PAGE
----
Wondering whether or not capital gains tax (CGT) applies to you?
Are your assets subject to this tax?
Firstly, let’s define what CGT is. Capital gains tax is not a separate tax, it forms part of income tax. Essentially, a capital gain is when you sell an asset for more than what you purchased it for. The ‘gain’ or additional amount earned on the asset needs to be reported to SARS as a capital gains tax may apply to it.
Says chartered accounting and tax advisory firm Octagon Chartered Accountants: “Before you dispose of your assets you need to know which ones are subject to capital gains tax. It’s imperative that you are aware of this, as if you miss one of these you could be penalised by SARS.”
But which assets exactly are subject to capital gains tax?
The most important assets include:
- A holiday home, second home or any properties that you rent to tenants;
- Shares, unit trusts, private investments, and second-hand policies;
- A boat exceeding 10 metres;
- Krugerrands, or other silver, platinum or gold-minted coins – or any other coin which market value is mainly in the metal it is made of; and
- The sale of your business that takes place other than when you retire
Avoid capital gains tax errors and a 200% penalty from SARS
Says Octagon: “Now that you know which assets are subject to capital gains tax let’s share some of the disposal timing secrets.
“Remember, the date of the disposal can’t be pre-determined or manipulated.
“The timing rules simply help you to identify the time, in respect of the various forms of disposal, that the disposal will take place for capital gains tax purposes.”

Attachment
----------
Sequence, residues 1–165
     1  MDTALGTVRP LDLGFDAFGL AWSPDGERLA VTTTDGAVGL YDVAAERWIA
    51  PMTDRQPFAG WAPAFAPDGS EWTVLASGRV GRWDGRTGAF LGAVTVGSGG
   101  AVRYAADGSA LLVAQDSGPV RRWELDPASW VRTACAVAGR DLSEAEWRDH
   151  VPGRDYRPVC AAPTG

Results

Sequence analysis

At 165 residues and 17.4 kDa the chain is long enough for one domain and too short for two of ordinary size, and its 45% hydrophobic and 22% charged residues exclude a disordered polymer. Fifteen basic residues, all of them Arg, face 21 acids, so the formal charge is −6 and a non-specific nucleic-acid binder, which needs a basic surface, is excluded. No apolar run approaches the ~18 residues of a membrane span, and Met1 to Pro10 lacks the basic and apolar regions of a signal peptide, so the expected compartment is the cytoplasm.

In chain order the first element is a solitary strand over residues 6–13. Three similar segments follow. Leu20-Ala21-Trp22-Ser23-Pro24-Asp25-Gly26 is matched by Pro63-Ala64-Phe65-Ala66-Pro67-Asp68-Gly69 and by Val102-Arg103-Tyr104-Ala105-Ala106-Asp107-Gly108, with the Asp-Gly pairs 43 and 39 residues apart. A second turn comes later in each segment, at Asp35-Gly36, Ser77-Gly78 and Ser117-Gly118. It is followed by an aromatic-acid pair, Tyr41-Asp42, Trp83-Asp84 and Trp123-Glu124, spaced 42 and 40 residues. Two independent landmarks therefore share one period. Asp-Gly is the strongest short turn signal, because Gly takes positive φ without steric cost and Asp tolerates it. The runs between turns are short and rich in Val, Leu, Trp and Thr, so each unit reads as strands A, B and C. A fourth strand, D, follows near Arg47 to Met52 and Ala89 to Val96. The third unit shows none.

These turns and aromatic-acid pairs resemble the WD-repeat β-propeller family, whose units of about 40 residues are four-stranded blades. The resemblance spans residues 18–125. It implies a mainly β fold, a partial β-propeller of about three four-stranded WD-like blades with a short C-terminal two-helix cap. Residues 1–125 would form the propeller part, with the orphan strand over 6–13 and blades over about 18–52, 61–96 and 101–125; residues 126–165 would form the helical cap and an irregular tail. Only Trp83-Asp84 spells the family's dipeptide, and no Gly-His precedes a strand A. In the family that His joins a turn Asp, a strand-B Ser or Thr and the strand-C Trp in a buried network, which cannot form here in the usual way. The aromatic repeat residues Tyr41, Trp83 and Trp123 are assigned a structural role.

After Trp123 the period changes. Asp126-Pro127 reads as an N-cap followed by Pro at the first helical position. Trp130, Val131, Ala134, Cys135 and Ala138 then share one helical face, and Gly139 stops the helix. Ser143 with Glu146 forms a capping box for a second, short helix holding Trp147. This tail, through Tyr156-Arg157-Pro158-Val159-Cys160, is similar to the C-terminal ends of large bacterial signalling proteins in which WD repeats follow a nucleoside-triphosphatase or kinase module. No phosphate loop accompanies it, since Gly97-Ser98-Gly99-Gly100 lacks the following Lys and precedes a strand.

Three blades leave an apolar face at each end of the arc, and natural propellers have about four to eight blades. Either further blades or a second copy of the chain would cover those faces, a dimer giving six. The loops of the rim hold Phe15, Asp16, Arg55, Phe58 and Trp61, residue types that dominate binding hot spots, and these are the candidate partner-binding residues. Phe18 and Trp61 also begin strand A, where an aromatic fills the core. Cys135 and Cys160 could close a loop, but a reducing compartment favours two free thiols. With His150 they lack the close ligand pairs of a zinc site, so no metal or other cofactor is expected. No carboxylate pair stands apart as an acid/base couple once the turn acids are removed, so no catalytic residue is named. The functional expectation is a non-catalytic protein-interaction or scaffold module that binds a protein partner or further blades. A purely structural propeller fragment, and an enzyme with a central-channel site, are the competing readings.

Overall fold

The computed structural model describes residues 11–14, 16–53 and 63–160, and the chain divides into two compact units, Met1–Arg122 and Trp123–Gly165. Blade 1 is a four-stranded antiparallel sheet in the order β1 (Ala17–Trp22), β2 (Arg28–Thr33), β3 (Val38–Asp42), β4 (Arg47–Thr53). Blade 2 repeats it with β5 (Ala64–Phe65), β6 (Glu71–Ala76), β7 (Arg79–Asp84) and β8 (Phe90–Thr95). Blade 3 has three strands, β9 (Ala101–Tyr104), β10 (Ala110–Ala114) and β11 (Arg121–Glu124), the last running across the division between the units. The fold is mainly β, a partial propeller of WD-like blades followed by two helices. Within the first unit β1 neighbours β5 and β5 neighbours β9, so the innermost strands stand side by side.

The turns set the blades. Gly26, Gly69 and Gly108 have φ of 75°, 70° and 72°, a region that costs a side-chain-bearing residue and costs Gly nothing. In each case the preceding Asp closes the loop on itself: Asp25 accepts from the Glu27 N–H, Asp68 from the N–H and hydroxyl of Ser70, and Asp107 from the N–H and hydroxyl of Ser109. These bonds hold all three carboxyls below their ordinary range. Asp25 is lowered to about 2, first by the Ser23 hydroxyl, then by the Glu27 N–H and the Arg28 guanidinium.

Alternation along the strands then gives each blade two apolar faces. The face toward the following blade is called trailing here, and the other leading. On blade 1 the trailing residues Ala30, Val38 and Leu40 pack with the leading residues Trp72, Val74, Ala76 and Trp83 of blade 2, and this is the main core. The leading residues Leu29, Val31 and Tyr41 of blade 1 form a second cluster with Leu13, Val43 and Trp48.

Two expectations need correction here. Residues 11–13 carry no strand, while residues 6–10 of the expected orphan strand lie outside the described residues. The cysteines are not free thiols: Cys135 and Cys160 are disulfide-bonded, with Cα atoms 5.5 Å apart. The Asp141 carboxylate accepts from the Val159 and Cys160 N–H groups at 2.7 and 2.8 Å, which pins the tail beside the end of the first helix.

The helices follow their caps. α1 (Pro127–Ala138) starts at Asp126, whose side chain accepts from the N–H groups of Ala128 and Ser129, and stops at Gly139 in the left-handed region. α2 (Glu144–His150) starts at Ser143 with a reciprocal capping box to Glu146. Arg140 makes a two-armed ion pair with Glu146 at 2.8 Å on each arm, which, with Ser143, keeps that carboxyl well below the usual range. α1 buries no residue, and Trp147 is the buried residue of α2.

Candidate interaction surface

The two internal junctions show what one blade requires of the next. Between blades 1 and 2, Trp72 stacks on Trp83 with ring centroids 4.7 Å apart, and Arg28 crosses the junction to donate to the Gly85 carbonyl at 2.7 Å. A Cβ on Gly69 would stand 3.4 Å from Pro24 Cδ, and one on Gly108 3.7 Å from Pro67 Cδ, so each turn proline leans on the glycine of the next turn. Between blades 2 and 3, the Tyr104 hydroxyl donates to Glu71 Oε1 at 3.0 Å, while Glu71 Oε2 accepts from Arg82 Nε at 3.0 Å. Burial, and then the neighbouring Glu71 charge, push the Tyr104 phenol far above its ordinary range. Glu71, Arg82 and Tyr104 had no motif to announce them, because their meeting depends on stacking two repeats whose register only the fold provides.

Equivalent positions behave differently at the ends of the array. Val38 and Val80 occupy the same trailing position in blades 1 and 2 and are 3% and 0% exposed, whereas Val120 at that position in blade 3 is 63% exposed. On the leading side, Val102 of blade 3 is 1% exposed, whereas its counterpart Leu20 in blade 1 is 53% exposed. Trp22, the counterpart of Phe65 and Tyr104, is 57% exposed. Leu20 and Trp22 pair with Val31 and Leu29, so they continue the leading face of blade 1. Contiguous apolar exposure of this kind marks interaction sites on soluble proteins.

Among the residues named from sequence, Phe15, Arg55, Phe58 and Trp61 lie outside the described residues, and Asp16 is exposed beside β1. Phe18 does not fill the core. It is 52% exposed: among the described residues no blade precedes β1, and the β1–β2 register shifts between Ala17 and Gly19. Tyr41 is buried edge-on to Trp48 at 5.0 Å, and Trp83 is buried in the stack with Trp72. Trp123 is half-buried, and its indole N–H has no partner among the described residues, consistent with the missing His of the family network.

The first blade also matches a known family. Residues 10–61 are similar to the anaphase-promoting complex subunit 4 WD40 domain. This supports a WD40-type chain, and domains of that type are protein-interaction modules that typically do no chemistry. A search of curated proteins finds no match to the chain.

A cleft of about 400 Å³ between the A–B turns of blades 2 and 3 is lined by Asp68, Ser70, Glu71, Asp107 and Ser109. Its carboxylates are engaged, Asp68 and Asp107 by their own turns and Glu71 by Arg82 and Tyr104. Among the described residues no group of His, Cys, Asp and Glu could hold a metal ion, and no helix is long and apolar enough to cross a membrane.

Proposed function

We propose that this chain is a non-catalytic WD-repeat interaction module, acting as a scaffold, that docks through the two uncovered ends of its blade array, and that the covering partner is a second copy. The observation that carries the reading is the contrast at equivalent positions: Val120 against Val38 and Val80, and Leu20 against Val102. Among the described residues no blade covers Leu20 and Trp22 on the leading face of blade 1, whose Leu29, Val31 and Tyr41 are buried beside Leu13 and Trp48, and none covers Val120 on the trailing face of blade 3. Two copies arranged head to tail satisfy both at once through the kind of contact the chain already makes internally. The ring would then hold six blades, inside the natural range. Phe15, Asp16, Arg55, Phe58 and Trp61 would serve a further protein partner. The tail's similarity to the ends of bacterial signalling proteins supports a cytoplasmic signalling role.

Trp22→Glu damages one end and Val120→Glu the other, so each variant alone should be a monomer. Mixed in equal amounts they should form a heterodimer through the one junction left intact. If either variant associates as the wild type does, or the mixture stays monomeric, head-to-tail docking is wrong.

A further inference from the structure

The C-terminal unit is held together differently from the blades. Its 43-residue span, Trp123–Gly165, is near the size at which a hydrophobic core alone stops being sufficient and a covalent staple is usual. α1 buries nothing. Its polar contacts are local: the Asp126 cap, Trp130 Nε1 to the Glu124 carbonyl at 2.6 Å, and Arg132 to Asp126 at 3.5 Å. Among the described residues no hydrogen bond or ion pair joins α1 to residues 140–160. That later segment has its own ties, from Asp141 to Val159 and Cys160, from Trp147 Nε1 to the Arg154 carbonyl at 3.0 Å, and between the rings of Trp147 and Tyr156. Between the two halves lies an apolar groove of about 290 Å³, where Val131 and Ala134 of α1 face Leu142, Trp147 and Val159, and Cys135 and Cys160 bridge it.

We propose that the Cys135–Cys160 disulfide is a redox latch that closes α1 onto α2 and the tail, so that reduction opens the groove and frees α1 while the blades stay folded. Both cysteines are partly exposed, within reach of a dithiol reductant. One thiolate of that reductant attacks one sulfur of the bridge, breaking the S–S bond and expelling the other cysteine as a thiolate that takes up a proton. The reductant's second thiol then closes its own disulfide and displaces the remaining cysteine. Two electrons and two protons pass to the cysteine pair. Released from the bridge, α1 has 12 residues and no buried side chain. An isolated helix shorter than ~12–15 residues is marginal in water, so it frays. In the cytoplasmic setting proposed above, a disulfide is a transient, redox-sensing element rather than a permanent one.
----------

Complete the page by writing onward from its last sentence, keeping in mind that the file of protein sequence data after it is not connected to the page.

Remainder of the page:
Here are the four most important disposal timing secrets:
1. General timing rule
When you sell an asset, the time of disposal will be the date your asset actually changes ownership. This is generally when you deliver the asset to the new owner and they take on the risk.
2. Special timing rules apply in special circumstances
Certain timing rules apply to special circumstances. For example, in the case of a donation of an asset, the date of compliance with all legal requirements for a valid donation will be the date of disposal.
3. If you scrap or lose an asset
The date of disposal for a lost or scrapped asset will be when you receive full payment for your asset or if there is no compensation the date will be when you establish that no compensation will be payable.
4. Deemed disposals
If your disposal is seen as a capital gain it is known as an ‘event’. The disposal date is the day immediately before the day that the event occurs.
In the event that you fail to include the taxable capital gain, in the appropriate tax return, this error could result in a penalty.
The capital gain constitutes taxable income in terms of Section 26 A of the Income Tax Act, so failing to include it in your return would be a serious error.
But, do I need to pay capital gains tax on the list of assets mentioned above every time?
Well, that all depends on the length of ownership of the particular asset: If you sell an asset that you’ve owned for less than a year (also known as a short-term capital gain), the tax your asset is subject too will be significantly larger than if you disposed of a long-term gain.
“Sometimes, you’ll end up paying around 20% or even higher on capital gains tax for an investment which you’ve held for a year or less,” explains Octagon.
“This is why having a professional tax and advisory firm to guide you is so pivotal. Even if only to avoid being penalised by SARS.”